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LED Lights interfere with over the air TV Reception


coneyo

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I installed Green LongLife 3528101 LED 18" Replacement Light Tube in our kitchen and never associated our TV reception difficulties to the lights till we were watching a marginal channel and when we turned the kitchen lights on the TV channel went out.

We have a Winegard antenna with Winegard Sensar Pro amp


These lights have a broad voltage range and the install indicates they are not to be used in a dimmer circuit.

TV reception problems point to these lights.


Anyone else experiance this?


Is there a potential fix?


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Many have had interference from the florescent fixtures long before led's came along. Led's don't need the ballast that the flourescent bulbs require. Some led conversions remove or wire around the ballast, while some leave it in place. I strongly suspect that if you clip the wires to the ballast & wire around it directly to the bulb sockets your problem will go away.

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These lights have a broad voltage range and the install indicates they are not to be used in a dimmer circuit.
TV reception problems point to these lights.
Anyone else experiance this?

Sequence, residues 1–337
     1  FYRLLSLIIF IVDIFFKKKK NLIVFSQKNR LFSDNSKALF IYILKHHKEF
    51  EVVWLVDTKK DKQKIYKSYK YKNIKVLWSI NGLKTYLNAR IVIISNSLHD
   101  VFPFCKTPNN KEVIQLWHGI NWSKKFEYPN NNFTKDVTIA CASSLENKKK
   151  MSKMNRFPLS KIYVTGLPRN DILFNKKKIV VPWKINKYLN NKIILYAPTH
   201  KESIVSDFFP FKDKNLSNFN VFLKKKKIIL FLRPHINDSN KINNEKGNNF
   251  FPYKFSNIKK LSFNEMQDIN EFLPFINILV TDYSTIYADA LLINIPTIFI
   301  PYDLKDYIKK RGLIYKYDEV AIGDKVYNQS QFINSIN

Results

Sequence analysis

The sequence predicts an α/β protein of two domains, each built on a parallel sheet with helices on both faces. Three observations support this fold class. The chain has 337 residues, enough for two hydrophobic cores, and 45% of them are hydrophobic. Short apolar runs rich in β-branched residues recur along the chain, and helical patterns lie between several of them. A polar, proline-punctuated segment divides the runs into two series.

Is there a potential fix?

This is a common problem with some LEDs. They probably have a voltage regulator circuit that causes RF interference. Sometimes running the power leads through ferrite beads will help filter out the RF.

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This is a common problem with some LEDs. They probably have a voltage regulator circuit that causes RF interference. Sometimes running the power leads through ferrite beads will help filter out the RF.

This problem is particularly true for the lower priced LED lights. If you examine them, they all have a small circuit board associated with the LED's and it varies quite a bit in size. That is because the higher priced LED's generally have a better quality voltage regulator with less RF problems.

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This problem is particularly true for the lower priced LED lights. If you examine them, they all have a small circuit board associated with the LED's and it varies quite a bit in size. That is because the higher priced LED's generally have a better quality voltage regulator with less RF problems.

Many of the cheaper LEDs have no regulation and are designed to work on 12 volt only. One benefit of this is that they generate no RF interference. One issue is that they tend to overheat if too high of voltage is applied. During battery charging voltage goes to nearly 15 volts. I have some of the cheap unregulated LEDs and they have worked well for me. I also have some cheap regulated LEDs that affect some VHF channels on my TV. Most TV channels are now on the UHF band so it usually is not a problem for me. I just turn off the offending light if it's an issue.

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Thank you everyone for your input. I did try the ferrite beads on the power leads going to the lights but that failed to help. I have one set of led lights are strips with a separate voltage regulator these lights do not cause problems. I will go in that direction with one regulator and two led strips in the light fixture.

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